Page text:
Pressure on coal mines to reduce greenhouse gases

The Associated Press
Aspen, CO Colorado

DENVER ” Environmental groups and agencies are pushing for Colorado coal mines to reduce greenhouse gases by capturing the methane released during mining.

Environmental officials are proposing that the mines capture methane released during coal mining so that it’s burned off or used as fuel.

Federal data project that mines in western Colorado will release as much greenhouse gas into the atmosphere every year as 11/2 coal-burning power plants.

“We are looking to manage significant environmental impacts,” Paul Tourangeau, director of the Colorado Air Pollution Control Division, told The Denver Post in Saturday’s editions.

Methane traps 20 times more heat than carbon dioxide released from burning coal and other fossil fuels.

“Controlling methane is going to be a big part of controlling greenhouse gases,” said Jeremy Nichols, director of WildEarth Guardian’s climate program.

In western Colorado, the West Elk Mine in Somerset and the proposed Red Cliff Mine near Mack, are under pressure to reduce greenhouse emissions and capture methane because the federal land they’re on is overseen by the Bureau of Land Management.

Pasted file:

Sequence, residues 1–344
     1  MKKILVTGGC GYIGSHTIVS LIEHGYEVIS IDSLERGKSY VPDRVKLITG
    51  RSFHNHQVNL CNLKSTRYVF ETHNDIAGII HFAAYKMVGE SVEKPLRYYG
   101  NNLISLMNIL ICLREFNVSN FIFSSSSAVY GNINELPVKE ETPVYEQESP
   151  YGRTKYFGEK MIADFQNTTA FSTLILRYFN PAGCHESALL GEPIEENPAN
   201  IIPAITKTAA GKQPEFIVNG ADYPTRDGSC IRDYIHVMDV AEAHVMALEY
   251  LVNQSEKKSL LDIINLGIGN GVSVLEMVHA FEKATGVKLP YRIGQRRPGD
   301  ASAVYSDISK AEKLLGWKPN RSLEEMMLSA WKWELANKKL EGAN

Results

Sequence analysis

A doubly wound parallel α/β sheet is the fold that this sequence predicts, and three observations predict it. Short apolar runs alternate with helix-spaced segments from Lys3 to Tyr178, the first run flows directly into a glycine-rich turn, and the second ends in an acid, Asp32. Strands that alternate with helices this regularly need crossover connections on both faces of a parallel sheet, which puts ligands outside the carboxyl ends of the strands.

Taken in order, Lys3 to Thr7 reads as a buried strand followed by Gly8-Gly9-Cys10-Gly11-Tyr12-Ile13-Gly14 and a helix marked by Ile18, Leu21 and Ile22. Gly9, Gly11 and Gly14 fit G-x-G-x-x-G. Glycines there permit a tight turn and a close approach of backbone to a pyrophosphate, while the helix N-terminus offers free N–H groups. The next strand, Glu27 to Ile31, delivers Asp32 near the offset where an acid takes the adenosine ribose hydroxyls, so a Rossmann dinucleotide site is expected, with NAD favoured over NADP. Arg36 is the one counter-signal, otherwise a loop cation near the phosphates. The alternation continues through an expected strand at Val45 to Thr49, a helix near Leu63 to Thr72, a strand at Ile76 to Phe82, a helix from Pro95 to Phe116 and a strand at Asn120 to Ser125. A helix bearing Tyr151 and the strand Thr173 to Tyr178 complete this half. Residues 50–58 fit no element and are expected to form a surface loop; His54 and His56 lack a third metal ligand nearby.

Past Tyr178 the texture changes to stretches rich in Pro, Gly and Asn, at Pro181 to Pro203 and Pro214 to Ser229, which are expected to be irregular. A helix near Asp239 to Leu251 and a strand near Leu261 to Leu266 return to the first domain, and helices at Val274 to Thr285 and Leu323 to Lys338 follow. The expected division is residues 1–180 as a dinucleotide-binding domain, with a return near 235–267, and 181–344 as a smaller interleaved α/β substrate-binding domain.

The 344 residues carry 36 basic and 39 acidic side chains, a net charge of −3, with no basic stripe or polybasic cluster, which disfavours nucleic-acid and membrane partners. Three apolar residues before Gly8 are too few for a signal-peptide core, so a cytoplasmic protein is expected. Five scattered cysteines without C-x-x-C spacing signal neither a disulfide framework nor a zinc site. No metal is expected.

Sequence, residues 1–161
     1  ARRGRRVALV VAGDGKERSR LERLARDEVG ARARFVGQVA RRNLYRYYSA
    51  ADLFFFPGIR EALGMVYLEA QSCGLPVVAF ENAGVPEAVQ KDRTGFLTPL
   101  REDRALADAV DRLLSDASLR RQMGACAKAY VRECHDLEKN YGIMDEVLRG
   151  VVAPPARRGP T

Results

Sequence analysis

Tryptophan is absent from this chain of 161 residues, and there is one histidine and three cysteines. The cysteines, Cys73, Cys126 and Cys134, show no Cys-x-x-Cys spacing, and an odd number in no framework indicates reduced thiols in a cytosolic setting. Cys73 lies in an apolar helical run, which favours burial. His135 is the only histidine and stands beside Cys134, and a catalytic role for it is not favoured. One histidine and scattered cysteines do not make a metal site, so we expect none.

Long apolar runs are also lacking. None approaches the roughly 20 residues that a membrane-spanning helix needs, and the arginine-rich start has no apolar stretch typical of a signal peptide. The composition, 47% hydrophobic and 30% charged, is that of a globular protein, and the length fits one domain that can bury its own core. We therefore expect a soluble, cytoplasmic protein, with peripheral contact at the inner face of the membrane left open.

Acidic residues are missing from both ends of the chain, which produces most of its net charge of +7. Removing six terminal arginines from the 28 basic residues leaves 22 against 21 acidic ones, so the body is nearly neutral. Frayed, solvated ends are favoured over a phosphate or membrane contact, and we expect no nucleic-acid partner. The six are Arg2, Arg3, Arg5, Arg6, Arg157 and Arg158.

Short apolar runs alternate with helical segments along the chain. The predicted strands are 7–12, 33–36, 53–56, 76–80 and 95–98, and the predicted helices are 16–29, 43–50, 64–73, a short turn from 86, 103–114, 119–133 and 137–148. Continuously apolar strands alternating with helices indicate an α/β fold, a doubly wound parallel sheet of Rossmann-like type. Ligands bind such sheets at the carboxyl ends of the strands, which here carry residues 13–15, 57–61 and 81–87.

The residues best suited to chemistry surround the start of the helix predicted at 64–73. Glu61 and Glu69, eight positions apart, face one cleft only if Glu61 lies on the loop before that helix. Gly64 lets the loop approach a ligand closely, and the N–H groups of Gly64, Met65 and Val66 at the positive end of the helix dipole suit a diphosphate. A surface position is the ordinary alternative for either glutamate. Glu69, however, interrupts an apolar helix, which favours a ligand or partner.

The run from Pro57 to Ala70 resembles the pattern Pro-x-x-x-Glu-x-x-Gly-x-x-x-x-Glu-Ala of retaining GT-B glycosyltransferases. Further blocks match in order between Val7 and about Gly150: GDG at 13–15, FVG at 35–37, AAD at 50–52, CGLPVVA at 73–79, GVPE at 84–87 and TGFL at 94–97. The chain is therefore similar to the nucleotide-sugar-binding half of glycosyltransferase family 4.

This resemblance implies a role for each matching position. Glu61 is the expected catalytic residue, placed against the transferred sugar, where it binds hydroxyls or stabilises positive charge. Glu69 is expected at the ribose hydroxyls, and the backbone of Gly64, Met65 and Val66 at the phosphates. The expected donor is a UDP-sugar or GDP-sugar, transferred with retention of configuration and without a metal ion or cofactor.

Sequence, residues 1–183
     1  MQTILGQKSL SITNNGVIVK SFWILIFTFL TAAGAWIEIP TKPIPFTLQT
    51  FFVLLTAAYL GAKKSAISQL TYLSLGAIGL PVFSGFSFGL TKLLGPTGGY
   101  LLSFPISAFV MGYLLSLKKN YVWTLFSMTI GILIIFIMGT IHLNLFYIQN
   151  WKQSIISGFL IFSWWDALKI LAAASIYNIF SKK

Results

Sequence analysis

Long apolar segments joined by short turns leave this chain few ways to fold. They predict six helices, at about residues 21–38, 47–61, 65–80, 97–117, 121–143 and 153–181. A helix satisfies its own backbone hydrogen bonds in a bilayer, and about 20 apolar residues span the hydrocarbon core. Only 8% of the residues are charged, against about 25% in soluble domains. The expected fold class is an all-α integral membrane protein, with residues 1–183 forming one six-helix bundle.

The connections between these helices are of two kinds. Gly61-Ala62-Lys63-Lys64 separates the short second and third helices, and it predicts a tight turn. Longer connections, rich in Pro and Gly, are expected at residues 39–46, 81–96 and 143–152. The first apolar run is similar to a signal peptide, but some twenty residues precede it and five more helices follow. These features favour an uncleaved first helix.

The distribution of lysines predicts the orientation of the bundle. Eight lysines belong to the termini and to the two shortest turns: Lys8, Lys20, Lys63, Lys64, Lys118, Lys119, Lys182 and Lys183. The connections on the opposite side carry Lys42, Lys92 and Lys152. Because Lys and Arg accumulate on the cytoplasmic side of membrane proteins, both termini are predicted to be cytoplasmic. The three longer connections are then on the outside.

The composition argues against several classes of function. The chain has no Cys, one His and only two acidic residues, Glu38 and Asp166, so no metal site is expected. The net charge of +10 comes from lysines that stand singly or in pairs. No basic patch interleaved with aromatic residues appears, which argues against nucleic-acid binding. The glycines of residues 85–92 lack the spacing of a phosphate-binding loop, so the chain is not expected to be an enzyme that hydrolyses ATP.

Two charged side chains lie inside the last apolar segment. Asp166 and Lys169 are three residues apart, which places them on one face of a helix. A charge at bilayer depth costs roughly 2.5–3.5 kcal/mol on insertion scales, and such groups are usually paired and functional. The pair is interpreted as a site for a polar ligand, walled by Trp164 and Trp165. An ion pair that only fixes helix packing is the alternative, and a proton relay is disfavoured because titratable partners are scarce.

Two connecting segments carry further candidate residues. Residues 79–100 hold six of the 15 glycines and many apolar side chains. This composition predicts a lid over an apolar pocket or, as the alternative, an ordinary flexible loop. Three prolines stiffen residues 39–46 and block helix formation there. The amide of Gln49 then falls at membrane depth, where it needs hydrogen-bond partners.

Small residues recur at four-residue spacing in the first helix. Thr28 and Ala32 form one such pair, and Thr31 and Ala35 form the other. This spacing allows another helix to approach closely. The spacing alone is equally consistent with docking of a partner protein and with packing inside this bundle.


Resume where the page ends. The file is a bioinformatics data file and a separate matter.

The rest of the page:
State and federal government organizations, including the Environmental Protection Agency, the state Department of Natural Resources, and the Colorado Department of Public Health and Environment are calling for the BLM to demand methane capture at the mines.

Environmental groups have filed a complaint in federal court over a BLM decision to allow West Elk to vent methane. The groups also want Red Cliff to capture methane at its mine.

Despite the pressure to capture methane, mining officials say the technology to do it is not yet available.

“We are caught between a rock and a hard place,” said Corey Heaps, the project manager for Red Cliff.

Methane degassification can cost millions of dollars, said Pam Franklin, the EPA’s director of the Coalbed Methane Outreach program.

The mines that are capturing methane are doing it for safety reasons, to reduce the risk of methane explosions, she said.